Last Updated on: May 5, 2014 by Ingrid King

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While cancer in cats is not as common as it in dogs, it is still one of the leading causes of death in older cats. According to the Animal Cancer Foundation, 6 million cats will be diagnosed with cancer in the United States along. And because cats are masters at masking illness, it is often harder to detect.

Cancer used to be a death sentence for cats, but recent advances in feline cancer research have made treatment possible in many cases. Just like with human cancers, early detection is key to successful treatment. Depending on the type of cancer, treatment options may include sugery, radiation, and chemotherapy.

Whether you choose aggressive treatment for your cat’s cancer, or whether you elect to provide palliative care, which focuses on providing quality of life for the ill cat as well as the cat’s caregiver, caring for the feline cancer patient is a team effort that involves the cat’s guardian, her veterinarian and staff, and, if needed, a social worker or bereavement counselor.

I recently had a chance to speak with Conor J. McNeill, DVM, Dipl. ACVIM (Oncology), an oncolgist at the Hope Center for Advanced Veterinary Medicine in Vienna, VA. Dr. McNeill had just finished giving a new chemotherapy drug to a 12-year-old cat with advanced lung cancer. The cat had been receiving chemotherapy for six months with several different drugs which kept the cancer at bay, but then the tumor would start to grow again. The new drug shrank the tumor with just one dose, and Dr. McNeill was still smiling when he sat down to talk with me.

Don’t be fearful of chemotherapy

Many cat guardians balk at the thought of putting their cat through chemotherapy. “Don’t be fearful of chemo,” said Dr. McNeill. “Chemotherapy in animals has few or no side effects.” Dr. McNeill frequently sees cat guardians who have been through cancer treatment themselves, and they don’t want to relive their own experience through their beloved cat. Most cats tolerate chemotherapy extremely well, and Dr. McNeill is proactive about treating possible side effects such as pain and nausea. “This becomes especially important with cats,” says McNeill, “since they’re so good at hiding symptoms.”

Because cats are masters at not showing pain or other signs of illness and often continue to act as if  nothing is wrong, even when something most definitely is, Dr. McNeill depends on the cat’s guardian to get a complete picture of how the cat is doing. “In this regard, it’s very much like pediatric medicine,” says McNeill. “We have to rely on the client to tell us what the cat is doing at home. Is she vomiting, how frequently, what is her activity level, how is she eating?” This is where caring for the feline cancer patient becomes a team approach.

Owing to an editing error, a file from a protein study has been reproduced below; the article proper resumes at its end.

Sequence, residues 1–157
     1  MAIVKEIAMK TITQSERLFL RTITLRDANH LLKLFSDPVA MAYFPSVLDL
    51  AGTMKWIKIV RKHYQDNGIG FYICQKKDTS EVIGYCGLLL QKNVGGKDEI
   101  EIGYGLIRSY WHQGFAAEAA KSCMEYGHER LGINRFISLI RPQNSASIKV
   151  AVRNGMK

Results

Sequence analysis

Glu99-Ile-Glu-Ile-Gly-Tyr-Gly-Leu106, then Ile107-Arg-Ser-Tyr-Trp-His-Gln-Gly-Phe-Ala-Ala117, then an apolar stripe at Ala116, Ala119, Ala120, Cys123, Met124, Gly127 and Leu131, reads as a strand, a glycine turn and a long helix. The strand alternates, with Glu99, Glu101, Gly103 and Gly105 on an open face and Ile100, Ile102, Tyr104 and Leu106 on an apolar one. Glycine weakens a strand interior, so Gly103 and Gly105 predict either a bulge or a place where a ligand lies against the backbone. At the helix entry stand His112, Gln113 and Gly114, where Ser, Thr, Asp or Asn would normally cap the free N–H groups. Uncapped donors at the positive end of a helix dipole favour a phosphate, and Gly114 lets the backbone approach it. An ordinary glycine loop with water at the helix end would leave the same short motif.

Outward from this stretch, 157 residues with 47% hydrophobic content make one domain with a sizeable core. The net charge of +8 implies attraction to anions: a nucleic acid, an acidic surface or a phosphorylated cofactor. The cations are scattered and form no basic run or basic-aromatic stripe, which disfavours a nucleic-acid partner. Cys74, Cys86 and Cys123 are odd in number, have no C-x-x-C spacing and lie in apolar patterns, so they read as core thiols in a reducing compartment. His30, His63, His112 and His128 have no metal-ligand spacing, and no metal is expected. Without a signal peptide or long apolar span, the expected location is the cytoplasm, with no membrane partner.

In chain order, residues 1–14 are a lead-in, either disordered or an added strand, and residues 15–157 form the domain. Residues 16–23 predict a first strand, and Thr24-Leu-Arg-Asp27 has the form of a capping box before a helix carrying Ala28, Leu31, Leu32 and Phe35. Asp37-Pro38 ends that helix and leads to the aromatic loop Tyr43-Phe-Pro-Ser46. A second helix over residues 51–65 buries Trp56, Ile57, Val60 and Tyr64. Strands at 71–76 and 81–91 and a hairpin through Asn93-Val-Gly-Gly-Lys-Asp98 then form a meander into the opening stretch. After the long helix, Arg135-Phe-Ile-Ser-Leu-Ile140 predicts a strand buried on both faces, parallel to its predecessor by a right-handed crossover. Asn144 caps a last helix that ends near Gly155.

Treatment vs. palliative care

This team approach also becomes important when it comes to deciding whether to pursue aggressive treatment, or whether to simply keep the cat comfortable for as long as possible. The decision involves multiple factors, including prognosis, age and general health status of the patient, and cost of treatment. According to Dr. McNeill, “one to one and a half years is considered a long term survival time,” with six months considered a good survival time. Cost of treatment can vary widely, ranging from $50 a month for palliative care to several thousand dollars over a period of six months.

There is no right or wong decision. “We discuss all options with the client, and we find a budget that is comfortable for them. For some, this may mean full-blown chemotherapy or radiation, for others, it may simply mean using steroids and treating for pain to keep the cat comfortable for a few more weeks,” says Dr. McNeill.

Dr. McNeill’s main goal is always the comfort of the cat. “We want to be sure that our patients don’t suffer,” he says. “Our goal is for them to be comfortable, pain free, and willing to eat on their own.”

The euthanasia decision

In most cancer cases, the time will come when a cat guardian will have to face the dreaded euthanasia decision. Often, palliative care can give a client additional time to come to terms with the idea that the end is coming. “We can’t decide for them,” says Dr. McNeill. Once a case reaches this stage, a client may be more comfortable with their regular veterinarian. Clients may want to consider in home euthanasia, rather than taking the cat to the clinic. Even though few vets advertise this service, many will perform it when requested. You can find veterinarians who perform in home euthanasias through the In Home Pet Euthanasia Directory or the American Association of Housecall Veterinarians.

Receiving a cancer diagnosis for a beloved cat is frightening and stressful, but cat guardians don’t have to go through it alone. Working together with their veterinary team, caring for a cat with cancer does not have to be the end – it can be the beginning of a deepening, peaceful, final phase of life for both cat and human.

Photo: morguefile